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official band biography - Going Public era (1994):


Newsboys 1994
It hasn't taken the world at large long to hear all about the Newsboys. Since coming to the U.S. from tiny Mooloolaba, Queensland, Australia, the band has been nominated for Grammy and Dove awards, appeared on national and international television, performed at Pope John Paul II's World Youth Day, opened for some of the biggest names in contemporary Christian music, galvanized the concept of a stage show in CCM, become top draws at a host of Christian music festivals, and -oh yeah- sold a heckuva lot of records along the way.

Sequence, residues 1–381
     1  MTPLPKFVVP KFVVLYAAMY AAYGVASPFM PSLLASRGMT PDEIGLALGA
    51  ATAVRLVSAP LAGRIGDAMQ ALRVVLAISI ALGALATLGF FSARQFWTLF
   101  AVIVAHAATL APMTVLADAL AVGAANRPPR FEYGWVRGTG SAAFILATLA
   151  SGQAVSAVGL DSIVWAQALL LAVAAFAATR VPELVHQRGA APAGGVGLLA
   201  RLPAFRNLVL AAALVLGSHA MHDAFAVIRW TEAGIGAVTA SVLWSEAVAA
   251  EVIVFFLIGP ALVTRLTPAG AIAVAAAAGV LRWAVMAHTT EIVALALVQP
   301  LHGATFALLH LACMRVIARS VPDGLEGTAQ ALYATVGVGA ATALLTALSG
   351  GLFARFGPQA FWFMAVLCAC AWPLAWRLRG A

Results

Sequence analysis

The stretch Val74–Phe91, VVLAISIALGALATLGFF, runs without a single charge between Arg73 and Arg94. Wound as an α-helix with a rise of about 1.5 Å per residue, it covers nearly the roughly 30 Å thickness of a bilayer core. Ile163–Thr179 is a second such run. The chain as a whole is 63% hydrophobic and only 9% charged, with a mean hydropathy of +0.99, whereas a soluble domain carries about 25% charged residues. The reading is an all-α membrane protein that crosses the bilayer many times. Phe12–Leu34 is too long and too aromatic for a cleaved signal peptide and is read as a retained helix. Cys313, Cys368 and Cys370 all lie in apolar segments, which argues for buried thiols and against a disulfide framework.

What's at the root of the Newsboys' success? You'd have to go back to childhood mates and band mainstays Peter Furler and John James. Furler and James' unerring ear for a hook, flair for stage presentation and performance, and rock-solid belief that the Christian life is a joy that needs to be shared have set the 'Boys apart from a dozen copy-cat bands in the past five years alone. All of this from a band that's still unknown to the record-buying public at large… but not to the religious music marketplace - or to other musicians. Steven Curtis Chapman, for instance, has asked them to open his ground-breaking Heaven in the Real World tour, and nationwide youth speaker Josh McDowell has asked Newsboys to join him on his 1995/96 tour. While contemporary music legend Steven Taylor asked to produce both their latest release (Not Ashamed) and their upcoming release (Going Public), for Star Song Records. Furler (who is again sharing production chores on Going Public with Taylor) says the Newsboys had a couple of things in mind with this release. "We have definitely really tried not to make Not Ashamed II !" he says. "We tried to make a stretch for the fans who enjoyed Not Ashamed - but not too much of a stretch. U2 is a good example. I wasn't crazy about the leap they made on Achtung Baby when it furst came out, but I grew into it and now its my favorite album of theirs." "Going Public seems to achieve that same end. The cornerstone foundations are the same. We have taken the best of Not Ashamed and left the worst behind." Not that there was all that much "worst" on what turned out to be one of the best-selling albums of 1993-4. But even a cursory listen to the tracks on Going Public reveal - even to the casual fan - that there is something different here. The band is tighter, stronger, more cohesive, the sound is more muscular, sinewy. Furler agreees: "The Newsboys have really always been John James and myself," he says, "the other players have come and gone. But for Going Public, the band musicians are the best players we've ever had."